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Sounding the Great Hall

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Over the weekend I took part in a two-day event at Goldsmiths’ College, London. Hosted by Tom Mudd, the event was:

“23 artists exploring the acoustics of the Great Hall via an unusual 8-speaker system.
This event is continuous. The audience are free to come in and out, sit in the space, walk around the space, eat, drink and listen.”

This was my first performance for a while, and wanted to try something different to the electronics + percussion sets I had been performing previously (and not just because I didn’t want to lug my kit across London…though that was a large factor).

Keeping in mind my interest in reduction and simplicity, I decided to build a patch in Max (first time using version 7!) with 8 oscillators, one directed to each speaker. Each oscillator allowed me to:

  • Generate a sine wave
  • Generate noise
  • Change the frequency
  • Change the amplitude
  • Change from a continuous wave into a pulse
  • Change the rate of each pulse

Sounding the great hall patch

Part of the reason I decided to use only sine waves and noise, is that we have been learning about using these functions to control the movement of objects on screen when creating visuals in C++ and Processing. This is an avenue I’d like to follow, so potentially this Max patch could become part of a bigger audiovisual project where visuals and sound are generated or controlled simultaneously using sines and noise. But more on that later…

I had been wanting to experiment with the interaction between these simple, core elements, and thought that being able to do this in a great-sounding hall with 8 speakers was an opportunity I probably shouldn’t miss. The results were unpredictable (to me at least), which made it a lot of fun to perform: I find it exciting to be kept on my toes by the software I’m using, only half-knowing what will happen with the next change of a fader or press of a button. This means I constantly have to be ready to react and adapt to the situation; though conversely, it also means that things are more likely to go wrong (and they do).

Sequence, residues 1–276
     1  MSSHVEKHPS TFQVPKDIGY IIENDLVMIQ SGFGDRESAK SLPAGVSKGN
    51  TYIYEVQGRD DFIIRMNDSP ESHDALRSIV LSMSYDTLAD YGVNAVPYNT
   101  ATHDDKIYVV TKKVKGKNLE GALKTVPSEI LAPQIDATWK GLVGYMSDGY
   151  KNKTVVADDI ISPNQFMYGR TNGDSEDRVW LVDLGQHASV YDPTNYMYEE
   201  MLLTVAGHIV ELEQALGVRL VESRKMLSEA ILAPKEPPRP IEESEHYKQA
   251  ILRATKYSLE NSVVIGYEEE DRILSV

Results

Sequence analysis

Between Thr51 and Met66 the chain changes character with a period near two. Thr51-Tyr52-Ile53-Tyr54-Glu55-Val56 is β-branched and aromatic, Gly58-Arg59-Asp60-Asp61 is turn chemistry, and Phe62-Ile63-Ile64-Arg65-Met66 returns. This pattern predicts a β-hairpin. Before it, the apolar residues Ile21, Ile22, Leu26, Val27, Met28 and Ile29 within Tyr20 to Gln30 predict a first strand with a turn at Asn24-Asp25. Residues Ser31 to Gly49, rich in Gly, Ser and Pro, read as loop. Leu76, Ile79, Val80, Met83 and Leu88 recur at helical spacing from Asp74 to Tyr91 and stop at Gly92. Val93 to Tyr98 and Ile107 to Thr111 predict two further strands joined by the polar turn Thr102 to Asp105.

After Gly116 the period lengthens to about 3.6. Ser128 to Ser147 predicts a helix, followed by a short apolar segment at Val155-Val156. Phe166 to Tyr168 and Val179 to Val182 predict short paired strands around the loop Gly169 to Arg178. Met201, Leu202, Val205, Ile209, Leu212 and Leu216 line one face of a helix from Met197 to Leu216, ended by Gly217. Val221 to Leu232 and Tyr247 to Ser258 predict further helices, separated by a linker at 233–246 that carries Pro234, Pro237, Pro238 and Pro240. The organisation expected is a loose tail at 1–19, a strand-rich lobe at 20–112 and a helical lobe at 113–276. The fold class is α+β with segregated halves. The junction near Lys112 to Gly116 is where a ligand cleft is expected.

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One of the main techniques I used throughout the performance was setting frequencies and pulse speeds of multiple oscillators to very similar – but not equal – values. Shifting the values within even a small range presented a lot of complex interaction. And, theoretically, because of the length of the waves and distances of the speakers, each person should have experienced a slightly different sound.

Here’s an example of some low-frequency oscillation affecting other frequencies (big thank you to Sabina Ahn for taking the video!). Good headphones are recommended to hear the highest and lowest frequencies:

I also tried to couple contrasting elements: namely very high frequencies and very low frequencies, leaving a large space of the frequency spectrum unoccupied. Changing the balance of high/low (or even removing one side completely) and hearing how it would affect our perception of the remaining sound was one of my goals here.

I think I’d like to keep evolving this very mobile performance setup and, as I mentioned before, see about adapting it for audiovisual use too.

Thanks again to Tom Mudd and everyone involved for setting this up, and for the other performers. It was very interesting to hear how everybody approached the 8 channel setup in their own individual way!

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